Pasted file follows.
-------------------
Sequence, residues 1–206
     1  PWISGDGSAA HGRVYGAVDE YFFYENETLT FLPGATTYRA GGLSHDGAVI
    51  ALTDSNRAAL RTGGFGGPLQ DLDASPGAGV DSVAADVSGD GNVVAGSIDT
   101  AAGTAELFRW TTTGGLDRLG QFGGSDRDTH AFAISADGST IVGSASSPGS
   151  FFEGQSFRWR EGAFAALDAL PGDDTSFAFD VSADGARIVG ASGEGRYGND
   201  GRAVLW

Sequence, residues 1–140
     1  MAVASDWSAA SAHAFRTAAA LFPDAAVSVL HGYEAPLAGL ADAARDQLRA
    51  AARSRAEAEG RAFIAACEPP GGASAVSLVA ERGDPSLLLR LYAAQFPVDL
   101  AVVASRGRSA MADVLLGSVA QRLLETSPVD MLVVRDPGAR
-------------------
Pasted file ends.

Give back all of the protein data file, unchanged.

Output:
Sequence, residues 1–206
     1  PWISGDGSAA HGRVYGAVDE YFFYENETLT FLPGATTYRA GGLSHDGAVI
    51  ALTDSNRAAL RTGGFGGPLQ DLDASPGAGV DSVAADVSGD GNVVAGSIDT
   101  AAGTAELFRW TTTGGLDRLG QFGGSDRDTH AFAISADGST IVGSASSPGS
   151  FFEGQSFRWR EGAFAALDAL PGDDTSFAFD VSADGARIVG ASGEGRYGND
   201  GRAVLW

Sequence, residues 1–140
     1  MAVASDWSAA SAHAFRTAAA LFPDAAVSVL HGYEAPLAGL ADAARDQLRA
    51  AARSRAEAEG RAFIAACEPP GGASAVSLVA ERGDPSLLLR LYAAQFPVDL
   101  AVVASRGRSA MADVLLGSVA QRLLETSPVD MLVVRDPGAR